The 1990s ushered in another phase of judicial retreat from school desegregation. Between 1991 and 1995, the Supreme Court handed down three important decisions: Oklahoma City Board of Education v. Dowell (1991), Freeman v. Pitts (1992), and Missouri v. Jenkins (1995). Taken together, these cases essentially invited school districts to initiate proceedings to bring their desegregation obligations to an end. They permitted federal district courts overseeing desegregation plans to declare a school system “unitary” if they determined that the system had done all that was feasible to eliminate the effects of past racial discrimination. In contrast to earlier decisions, now, according to the Supreme Court, a good faith effort to desegregate along with reasonable compliance with prior desegregation orders for a decent period of time were considered sufficient for a school district to achieve unitary status and thus have its desegregation orders permanently dissolved—even if severe racial isolation or other racial disparities remained. Advocates of school desegregation view these changes as a significant dilution of the desegregation obligations the Supreme Court had placed on school districts in the previous decades.

In the years since that trilogy of cases was decided, a large number of school systems have been declared unitary. In some instances, the school district itself sought to end federal court supervision, arguing it had met its constitutional obligations. In others, parents opposed to desegregation led the attack to relieve the school district of any continuing legal duties to desegregate, leaving the district in the awkward position of having to defend the kinds of policies that it had, ironically, resisted implementing in prior decades. Recently, in fact, a handful of federal courts have declared districts unitary even when the school district itself argued that its desegregation policies were still necessary to remedy past discrimination.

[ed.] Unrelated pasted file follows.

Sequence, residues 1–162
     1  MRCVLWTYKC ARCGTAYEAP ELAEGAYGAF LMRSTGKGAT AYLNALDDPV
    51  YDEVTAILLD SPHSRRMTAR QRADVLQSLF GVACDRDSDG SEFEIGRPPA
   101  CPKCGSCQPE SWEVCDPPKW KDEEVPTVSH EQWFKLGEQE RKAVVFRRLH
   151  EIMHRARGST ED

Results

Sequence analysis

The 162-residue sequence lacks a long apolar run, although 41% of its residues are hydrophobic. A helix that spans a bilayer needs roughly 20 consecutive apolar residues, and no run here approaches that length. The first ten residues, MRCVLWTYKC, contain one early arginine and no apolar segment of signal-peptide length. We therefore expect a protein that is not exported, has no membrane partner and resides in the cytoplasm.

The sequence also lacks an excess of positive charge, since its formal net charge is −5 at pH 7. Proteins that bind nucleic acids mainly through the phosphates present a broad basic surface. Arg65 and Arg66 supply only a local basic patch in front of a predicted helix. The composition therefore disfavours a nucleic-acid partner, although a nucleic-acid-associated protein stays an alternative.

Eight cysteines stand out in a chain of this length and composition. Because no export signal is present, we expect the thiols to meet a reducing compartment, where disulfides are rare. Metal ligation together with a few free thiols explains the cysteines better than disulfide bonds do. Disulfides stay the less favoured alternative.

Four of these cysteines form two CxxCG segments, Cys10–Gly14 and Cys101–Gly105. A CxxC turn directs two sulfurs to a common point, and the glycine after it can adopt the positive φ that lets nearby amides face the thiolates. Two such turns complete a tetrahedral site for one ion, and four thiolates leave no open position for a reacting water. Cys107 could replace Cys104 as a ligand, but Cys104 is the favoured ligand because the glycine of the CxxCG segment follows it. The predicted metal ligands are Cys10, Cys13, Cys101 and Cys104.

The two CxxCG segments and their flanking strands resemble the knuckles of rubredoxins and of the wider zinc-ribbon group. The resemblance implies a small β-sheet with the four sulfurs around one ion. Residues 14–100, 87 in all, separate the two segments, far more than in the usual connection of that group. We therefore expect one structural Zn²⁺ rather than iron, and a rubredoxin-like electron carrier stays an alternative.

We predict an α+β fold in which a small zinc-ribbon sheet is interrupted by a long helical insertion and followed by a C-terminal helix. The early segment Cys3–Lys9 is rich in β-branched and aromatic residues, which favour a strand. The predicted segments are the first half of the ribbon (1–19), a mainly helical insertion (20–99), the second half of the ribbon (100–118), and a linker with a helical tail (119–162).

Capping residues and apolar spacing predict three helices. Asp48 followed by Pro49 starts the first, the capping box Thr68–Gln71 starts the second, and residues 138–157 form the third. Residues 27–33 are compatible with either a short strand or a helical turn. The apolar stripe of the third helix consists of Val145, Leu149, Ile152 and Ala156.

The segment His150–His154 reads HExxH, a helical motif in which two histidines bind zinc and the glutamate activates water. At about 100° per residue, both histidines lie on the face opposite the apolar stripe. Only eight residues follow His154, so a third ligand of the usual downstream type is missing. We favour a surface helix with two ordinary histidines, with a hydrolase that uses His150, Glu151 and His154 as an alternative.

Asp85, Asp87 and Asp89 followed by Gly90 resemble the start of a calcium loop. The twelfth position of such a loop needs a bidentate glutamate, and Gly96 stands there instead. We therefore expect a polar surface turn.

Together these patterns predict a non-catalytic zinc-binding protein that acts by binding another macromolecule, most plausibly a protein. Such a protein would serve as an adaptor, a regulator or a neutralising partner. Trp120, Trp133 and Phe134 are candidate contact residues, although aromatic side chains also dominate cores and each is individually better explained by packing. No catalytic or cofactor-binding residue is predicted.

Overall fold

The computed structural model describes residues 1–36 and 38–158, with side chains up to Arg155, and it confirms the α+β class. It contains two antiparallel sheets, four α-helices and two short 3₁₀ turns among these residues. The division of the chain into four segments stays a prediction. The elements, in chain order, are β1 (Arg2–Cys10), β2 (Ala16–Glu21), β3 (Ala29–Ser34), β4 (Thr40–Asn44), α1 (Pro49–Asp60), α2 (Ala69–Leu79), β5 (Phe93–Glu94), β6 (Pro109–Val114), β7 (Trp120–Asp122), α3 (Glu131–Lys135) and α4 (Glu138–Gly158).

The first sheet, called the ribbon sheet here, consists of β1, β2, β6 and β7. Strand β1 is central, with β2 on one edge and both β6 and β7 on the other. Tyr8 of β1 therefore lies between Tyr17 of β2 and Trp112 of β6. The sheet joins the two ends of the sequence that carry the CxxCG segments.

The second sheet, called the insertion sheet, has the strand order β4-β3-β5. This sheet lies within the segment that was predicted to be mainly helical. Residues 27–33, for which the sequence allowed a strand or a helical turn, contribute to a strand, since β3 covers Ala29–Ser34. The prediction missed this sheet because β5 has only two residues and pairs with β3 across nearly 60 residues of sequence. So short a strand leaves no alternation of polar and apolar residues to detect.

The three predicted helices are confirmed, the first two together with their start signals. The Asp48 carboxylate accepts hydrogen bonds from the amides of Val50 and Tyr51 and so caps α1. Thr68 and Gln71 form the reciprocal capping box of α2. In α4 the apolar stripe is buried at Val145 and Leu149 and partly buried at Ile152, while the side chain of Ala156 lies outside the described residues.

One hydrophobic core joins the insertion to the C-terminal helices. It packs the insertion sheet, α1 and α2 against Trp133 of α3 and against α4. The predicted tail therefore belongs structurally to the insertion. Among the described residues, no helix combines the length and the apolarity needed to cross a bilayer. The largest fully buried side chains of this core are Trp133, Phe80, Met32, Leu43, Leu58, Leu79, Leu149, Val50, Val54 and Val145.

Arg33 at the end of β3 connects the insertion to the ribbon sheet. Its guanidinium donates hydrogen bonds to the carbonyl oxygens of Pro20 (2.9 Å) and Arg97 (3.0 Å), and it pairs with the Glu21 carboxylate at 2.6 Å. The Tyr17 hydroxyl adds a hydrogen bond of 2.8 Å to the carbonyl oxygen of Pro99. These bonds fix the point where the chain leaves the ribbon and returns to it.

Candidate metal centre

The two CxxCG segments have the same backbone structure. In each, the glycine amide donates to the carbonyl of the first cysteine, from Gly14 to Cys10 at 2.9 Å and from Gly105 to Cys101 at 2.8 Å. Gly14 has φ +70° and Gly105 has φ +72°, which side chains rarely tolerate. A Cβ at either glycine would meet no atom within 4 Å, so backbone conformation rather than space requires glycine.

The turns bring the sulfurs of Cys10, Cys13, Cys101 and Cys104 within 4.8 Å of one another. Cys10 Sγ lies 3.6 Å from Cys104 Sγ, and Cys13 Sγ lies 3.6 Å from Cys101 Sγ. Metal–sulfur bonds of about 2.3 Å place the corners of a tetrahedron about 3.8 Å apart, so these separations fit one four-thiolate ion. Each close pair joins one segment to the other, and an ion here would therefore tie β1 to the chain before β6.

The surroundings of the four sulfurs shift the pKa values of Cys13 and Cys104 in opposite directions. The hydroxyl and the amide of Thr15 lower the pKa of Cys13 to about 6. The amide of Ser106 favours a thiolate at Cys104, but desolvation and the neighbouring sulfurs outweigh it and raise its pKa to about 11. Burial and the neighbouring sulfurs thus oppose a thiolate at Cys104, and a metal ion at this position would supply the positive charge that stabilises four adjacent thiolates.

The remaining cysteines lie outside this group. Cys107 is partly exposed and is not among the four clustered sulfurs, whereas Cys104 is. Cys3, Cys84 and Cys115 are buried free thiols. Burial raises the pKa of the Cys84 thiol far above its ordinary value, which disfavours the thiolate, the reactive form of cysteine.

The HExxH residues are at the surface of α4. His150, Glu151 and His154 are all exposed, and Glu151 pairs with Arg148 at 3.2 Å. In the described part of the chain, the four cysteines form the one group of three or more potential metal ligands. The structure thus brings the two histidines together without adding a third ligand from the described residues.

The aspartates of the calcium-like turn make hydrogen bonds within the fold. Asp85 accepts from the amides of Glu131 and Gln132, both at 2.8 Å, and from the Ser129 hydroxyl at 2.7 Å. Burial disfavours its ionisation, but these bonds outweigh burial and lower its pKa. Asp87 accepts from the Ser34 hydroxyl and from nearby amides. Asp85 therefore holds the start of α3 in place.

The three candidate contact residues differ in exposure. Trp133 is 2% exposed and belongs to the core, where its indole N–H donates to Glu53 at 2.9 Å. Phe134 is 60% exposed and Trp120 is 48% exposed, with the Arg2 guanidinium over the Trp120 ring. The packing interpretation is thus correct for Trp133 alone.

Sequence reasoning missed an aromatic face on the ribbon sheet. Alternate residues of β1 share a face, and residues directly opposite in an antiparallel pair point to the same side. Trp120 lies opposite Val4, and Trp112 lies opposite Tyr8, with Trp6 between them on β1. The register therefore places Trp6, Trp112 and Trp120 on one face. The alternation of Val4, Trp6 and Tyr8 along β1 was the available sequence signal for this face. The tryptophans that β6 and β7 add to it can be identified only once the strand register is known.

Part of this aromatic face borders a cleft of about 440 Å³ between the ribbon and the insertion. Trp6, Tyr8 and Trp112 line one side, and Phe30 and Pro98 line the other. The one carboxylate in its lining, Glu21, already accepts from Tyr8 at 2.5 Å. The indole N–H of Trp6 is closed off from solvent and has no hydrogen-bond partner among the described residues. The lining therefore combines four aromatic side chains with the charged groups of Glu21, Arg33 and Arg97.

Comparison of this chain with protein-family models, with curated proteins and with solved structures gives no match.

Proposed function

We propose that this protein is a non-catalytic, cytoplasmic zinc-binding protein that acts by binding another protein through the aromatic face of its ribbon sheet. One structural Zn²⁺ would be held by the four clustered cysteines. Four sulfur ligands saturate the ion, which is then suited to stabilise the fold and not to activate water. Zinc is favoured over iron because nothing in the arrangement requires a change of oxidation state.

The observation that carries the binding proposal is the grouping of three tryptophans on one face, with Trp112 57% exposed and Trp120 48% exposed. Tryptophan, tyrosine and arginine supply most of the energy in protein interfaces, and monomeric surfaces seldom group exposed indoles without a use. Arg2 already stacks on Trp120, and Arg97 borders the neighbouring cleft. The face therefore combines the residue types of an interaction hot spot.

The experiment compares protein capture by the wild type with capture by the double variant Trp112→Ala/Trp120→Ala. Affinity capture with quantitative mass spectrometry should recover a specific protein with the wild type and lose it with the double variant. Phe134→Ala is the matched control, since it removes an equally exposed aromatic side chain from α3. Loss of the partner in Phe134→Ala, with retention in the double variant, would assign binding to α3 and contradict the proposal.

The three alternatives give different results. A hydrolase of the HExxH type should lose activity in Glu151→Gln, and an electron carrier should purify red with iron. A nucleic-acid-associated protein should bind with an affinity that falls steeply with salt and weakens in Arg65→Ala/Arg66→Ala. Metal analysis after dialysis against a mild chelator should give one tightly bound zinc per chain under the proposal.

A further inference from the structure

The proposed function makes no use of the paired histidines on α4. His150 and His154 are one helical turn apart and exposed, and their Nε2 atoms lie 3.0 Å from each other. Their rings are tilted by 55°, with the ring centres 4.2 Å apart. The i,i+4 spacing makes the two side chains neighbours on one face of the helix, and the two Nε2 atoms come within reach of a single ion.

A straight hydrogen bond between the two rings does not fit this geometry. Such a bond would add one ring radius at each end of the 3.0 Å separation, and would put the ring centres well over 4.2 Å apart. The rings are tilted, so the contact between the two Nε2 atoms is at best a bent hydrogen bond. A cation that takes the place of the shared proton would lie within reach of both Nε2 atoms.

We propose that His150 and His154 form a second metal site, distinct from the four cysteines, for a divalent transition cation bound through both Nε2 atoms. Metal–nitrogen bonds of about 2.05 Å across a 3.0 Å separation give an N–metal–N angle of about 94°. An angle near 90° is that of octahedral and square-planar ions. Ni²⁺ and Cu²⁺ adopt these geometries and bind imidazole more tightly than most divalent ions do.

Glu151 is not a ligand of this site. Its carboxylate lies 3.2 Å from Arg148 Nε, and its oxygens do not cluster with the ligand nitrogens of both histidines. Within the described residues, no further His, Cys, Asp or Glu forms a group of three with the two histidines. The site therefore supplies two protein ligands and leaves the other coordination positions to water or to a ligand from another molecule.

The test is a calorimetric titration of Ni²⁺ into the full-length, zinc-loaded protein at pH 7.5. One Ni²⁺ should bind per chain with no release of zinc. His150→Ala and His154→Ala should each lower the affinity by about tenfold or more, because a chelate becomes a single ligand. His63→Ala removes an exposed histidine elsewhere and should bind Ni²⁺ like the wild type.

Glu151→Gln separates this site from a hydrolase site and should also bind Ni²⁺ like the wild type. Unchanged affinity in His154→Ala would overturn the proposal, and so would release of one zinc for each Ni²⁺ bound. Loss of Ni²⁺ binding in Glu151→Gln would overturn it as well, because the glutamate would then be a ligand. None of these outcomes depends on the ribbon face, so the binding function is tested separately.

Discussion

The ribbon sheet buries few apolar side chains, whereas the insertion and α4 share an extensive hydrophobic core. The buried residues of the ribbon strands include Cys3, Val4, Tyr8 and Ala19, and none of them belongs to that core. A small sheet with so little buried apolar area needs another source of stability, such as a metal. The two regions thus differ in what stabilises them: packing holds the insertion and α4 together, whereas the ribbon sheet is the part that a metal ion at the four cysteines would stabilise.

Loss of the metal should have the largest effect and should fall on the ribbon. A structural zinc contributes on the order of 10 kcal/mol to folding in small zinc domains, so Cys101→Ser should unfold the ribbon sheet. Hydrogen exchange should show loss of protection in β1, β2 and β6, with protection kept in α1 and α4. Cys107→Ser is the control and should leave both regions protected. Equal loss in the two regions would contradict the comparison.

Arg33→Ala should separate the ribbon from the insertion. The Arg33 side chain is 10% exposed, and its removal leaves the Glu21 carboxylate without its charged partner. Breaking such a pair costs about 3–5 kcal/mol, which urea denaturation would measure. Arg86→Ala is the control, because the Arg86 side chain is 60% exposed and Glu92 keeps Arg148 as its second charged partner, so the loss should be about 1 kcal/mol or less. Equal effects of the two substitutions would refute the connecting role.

Once a school district has been declared unitary, it is no longer under a legal duty to continue any of the desegregation efforts that it had undertaken in the decades when it was under court order. The school district remains, of course, under a broad constitutional obligation—as do all districts—to avoid taking actions that intentionally create racially segregated and unequal schools. However, courts presume that the school district’s actions are innocent and legal, even if they produce racially disparate results, unless there is evidence of intentional discrimination. The past history of segregation and desegregation is completely wiped away in the eyes of the law. These fully discretionary, “innocent and legal” policies in many instances have contributed to a disturbing phenomenon of racial resegregation in public schools, which are more racially separate now than at any point in the past two decades.

Trends in Desegregation and Resegregation

As a result of the courts’ guidance, there were dramatic gains in desegregation for black students in the South, a region with the most black students and the most integrated region of the country by the late 1960s due to court-ordered desegregation and federal enforcement of desegregation plans. Desegregation of black students remained stable for several decades; by 1988, 43.5 percent of Southern black students were in majority white schools. During the 1990s, however, the proportion of black students in majority white schools in the region steadily declined as desegregation plans were dismantled. In 2003, only 29 percent of Southern black students were in majority white schools, lower than any year since 1968.